The second chart in Exhibit 3 clearly shows the impact of customer “just in time” inventory management with an increase at the manufacturing level as inventories have declined at the merchant and retail level. However, looking at the broader and longer-term data in Exhibit 1, we are currently above trend on an overall basis and well above the recent average for manufacturing.

The anecdotal evidence in the market is that inventories increased further in March and April as demand slowed and that demand remains weak and is expected to weaken further.

Sector by Sector

On a sector by sector basis, the increase in the inventory ratio over the last three years is most pronounced in Capital Goods, but Chemicals and Metals are higher as well. The analysis does not apply to E&C firms, whose inventories are negligible.

From a quarterly perspective, the significant positive swings Q1 2012 versus Q1 2011 are Capital Goods, Conglomerates, Paper and Metals. Electrical Equipment is up marginally, Chemicals is flat and Packaging is down slightly.

The quarterly data is summarized in Exhibit 5.

Exhibit 5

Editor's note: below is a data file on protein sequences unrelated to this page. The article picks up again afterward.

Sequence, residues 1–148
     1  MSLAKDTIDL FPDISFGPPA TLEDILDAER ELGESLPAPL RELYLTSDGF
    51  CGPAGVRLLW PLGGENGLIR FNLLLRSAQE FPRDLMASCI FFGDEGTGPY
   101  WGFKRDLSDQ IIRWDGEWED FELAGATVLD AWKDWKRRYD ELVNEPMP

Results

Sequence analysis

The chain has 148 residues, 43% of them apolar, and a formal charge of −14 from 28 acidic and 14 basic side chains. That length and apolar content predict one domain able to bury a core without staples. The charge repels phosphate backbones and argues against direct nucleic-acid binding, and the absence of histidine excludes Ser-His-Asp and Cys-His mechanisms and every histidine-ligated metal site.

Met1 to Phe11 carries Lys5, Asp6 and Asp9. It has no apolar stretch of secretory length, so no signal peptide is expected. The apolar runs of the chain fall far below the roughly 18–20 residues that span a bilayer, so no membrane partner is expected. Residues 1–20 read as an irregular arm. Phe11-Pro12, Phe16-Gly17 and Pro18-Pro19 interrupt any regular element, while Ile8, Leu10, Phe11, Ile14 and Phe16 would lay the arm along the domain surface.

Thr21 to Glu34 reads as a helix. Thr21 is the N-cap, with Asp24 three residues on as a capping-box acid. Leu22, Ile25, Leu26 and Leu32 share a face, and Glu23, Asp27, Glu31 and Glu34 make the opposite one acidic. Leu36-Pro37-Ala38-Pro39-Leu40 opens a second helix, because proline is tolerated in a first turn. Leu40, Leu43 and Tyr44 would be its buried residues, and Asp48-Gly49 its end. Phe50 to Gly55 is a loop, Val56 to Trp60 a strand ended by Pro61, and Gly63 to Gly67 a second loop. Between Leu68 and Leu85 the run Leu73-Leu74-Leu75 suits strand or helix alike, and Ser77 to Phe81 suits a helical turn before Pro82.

Source: Capital IQ and SSR Analysis

Note that the ratios are higher here because we are using quarterly sales as a denominator. Quarterly sales give us the most meaningful quarter to quarter comparison. There are issues with trying to create annualized numbers from Q1 because of seasonality in some sub-industries. Additionally, deals completed in 2011 make annual sales or trailing 12 months problematic for quarterly comparisons.


In our analysis, the chemicals increase was all in 2008 and the ratio has been declining slowly since then. The BEA data is consistent with this and it is summarized in the chart below – Exhibit 6. Our data does not show such a sharp decline in 2010 and 2011, but we have a small sub-set in that we do not have the oil company data. Our subset does show the same level of peak in 1999-2001. BEA is essentially flat Q1 2012 versus Q1 2011. Our data confirms the same story. Anecdotally IHS is reporting that US polypropylene inventories rose 300 million pounds in March and April. This is around 4.5% of annual demand – for perspective, to correct that increase the industry would have to run at 50% of capacity for a month.

Exhibit 6

Source: Capital IQ and SSR Analysis

Capital Goods

In Exhibits 7 and 8 we show the BEA Machinery index and our own Capital Goods Index. These are not directly comparable as the Capital Goods companies make more than just machinery and there are companies outside our index making machinery in the US. However, they show the same upward swing in 2009 and overall upward trend. Interestingly, the BEA Electrical Equipment data shows an upswing in 2009 and 2010 while our data does not, so it is possible there are some mix effects here.

Our data shows a major upswing in Capital Goods inventories in Q1 2012 versus Q1 2011, and the BEA data confirms this.

Exhibit 7

Source: BEA and SSR Analysis

Exhibit 8

Source: Capital IQ and SSR Analysis

Other Sectors